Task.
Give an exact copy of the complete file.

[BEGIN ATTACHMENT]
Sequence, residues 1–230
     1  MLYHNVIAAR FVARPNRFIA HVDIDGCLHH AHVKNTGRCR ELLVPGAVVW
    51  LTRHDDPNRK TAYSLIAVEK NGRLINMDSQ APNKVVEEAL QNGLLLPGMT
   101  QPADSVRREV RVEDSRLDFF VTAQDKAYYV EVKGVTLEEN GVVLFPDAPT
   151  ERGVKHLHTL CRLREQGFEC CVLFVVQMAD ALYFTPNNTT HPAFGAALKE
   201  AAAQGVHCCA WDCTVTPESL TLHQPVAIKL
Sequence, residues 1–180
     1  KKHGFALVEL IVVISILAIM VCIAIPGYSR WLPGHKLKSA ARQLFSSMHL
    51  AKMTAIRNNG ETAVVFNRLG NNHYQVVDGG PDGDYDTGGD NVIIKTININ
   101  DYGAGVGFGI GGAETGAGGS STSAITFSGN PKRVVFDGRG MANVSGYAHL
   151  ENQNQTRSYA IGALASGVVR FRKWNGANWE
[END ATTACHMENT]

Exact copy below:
Sequence, residues 1–230
     1  MLYHNVIAAR FVARPNRFIA HVDIDGCLHH AHVKNTGRCR ELLVPGAVVW
    51  LTRHDDPNRK TAYSLIAVEK NGRLINMDSQ APNKVVEEAL QNGLLLPGMT
   101  QPADSVRREV RVEDSRLDFF VTAQDKAYYV EVKGVTLEEN GVVLFPDAPT
   151  ERGVKHLHTL CRLREQGFEC CVLFVVQMAD ALYFTPNNTT HPAFGAALKE
   201  AAAQGVHCCA WDCTVTPESL TLHQPVAIKL
Sequence, residues 1–180
     1  KKHGFALVEL IVVISILAIM VCIAIPGYSR WLPGHKLKSA ARQLFSSMHL
    51  AKMTAIRNNG ETAVVFNRLG NNHYQVVDGG PDGDYDTGGD NVIIKTININ
   101  DYGAGVGFGI GGAETGAGGS STSAITFSGN PKRVVFDGRG MANVSGYAHL
   151  ENQNQTRSYA IGALASGVVR FRKWNGANWE